If only he knew at the time — especially after President Trump inspired a failed insurrection on the Capitol last week, an authoritarian spectacle it’s easy to imagine the Republican lawmakers in “The Trial of the Chicago 7” would have endorsed.

There are, of course, other reasons “The Trial of the Chicago 7” could break free from the pack of Best Picture contenders beyond its place in the zeitgeist. Its massive ensemble is filled with actors who span generations, from past Oscar-winners like Mark Rylance and Redmayne to veteran former nominees like Frank Langella and Michael Keaton to blockbuster superstars like Cohen and Joseph Gordon-Levitt to rising stars such as Emmy winners Yahya Abdul-Mateen II and Jeremy Strong. The strength of the cast is why “Chicago 7” is an overwhelming favorite among Gold Derby Experts to win Best Ensemble at the Screen Actors Guild Awards — and while that honor is far from a reliable precursor for Best Picture success, support from the academy’s largest branch could only be seen as a positive.

Then there is its release: Originally set to debut in theaters through distribution from Paramount, “The Trial of the Chicago 7” was sold to Netflix during the pandemic in an effort to get the project in front of as many viewers as possible before the presidential election. 

It’s a bit of a galaxy brain premise, but if there is an underlying reluctance to reward Netflix with Best Picture (last year the streaming giant led all studios with 24 nominations but only won two awards), perhaps “The Trial of the Chicago 7” is the compromise that pushes the platform to the winner’s circle: a movie shepherded by former Netflix antagonist Spielberg and produced under the watchful eye of a legendary production company in Paramount (11 Best Picture winners) but released by the streaming company to maximize its viewership potential.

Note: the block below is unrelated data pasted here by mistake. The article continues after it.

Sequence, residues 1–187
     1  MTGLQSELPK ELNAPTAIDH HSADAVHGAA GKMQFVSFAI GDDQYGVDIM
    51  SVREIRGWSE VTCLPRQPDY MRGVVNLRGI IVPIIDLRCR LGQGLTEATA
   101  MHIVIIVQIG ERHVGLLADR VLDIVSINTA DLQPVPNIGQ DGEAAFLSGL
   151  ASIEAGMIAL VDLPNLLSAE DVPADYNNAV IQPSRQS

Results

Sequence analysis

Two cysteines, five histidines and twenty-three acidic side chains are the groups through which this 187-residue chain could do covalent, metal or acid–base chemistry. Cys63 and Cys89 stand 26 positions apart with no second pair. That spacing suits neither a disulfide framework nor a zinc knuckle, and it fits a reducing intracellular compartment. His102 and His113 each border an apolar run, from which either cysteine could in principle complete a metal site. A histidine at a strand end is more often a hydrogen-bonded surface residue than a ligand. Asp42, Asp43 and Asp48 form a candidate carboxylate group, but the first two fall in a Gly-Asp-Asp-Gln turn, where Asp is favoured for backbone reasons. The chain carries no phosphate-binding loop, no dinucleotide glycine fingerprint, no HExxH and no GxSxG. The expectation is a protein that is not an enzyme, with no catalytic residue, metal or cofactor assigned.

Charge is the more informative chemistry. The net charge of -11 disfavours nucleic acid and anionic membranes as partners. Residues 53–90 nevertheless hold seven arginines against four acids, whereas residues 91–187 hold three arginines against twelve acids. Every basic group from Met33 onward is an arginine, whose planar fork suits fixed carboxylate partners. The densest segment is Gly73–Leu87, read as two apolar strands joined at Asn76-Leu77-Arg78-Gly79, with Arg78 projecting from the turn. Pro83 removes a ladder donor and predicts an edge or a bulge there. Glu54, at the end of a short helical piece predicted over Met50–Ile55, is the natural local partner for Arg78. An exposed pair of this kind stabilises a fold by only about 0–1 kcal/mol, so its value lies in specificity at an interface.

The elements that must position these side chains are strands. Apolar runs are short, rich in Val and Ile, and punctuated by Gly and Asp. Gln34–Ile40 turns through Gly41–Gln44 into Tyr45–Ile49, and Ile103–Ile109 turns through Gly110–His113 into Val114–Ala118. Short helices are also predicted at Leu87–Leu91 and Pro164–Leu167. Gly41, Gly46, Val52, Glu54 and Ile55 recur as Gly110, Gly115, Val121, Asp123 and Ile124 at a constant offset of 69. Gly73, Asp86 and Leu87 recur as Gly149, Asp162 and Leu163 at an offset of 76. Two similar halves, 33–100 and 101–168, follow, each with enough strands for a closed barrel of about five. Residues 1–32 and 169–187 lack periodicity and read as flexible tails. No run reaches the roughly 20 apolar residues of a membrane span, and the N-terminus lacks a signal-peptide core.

“We’re able to come out when we were scheduled to come out because of Netflix,” Sorkin told Deadline last year. He called the streaming platform a “lifeboat coming along, that has luxury cabins and a buffet.” 

“It’s a great place to be,” Sorkin added. “Paramount was a great place to be, but Netflix is why we don’t have to wait a year, and Steven Spielberg gets his wish of it coming out before the election.”

But in the end, “The Trial of the Chicago 7” could wind up winning Best Picture simply because of the feeling with which it leaves viewers. “It would have been great to share that rousing, stand-up-and-cheer ending with a packed movie theater audience,” Deadline awards expert Pete Hammond wrote in October. “As it is, I got to stand up from my couch, but it still had impact.”

“The Trial of the Chicago 7” concludes with a show of defiance and a message of hope that even during the darkest times, there will be those brave enough to stand against oppression. “The whole world is watching,” the crowd chants as Sorkin’s movie cuts to black. Come March, the rallying cry could become a reality.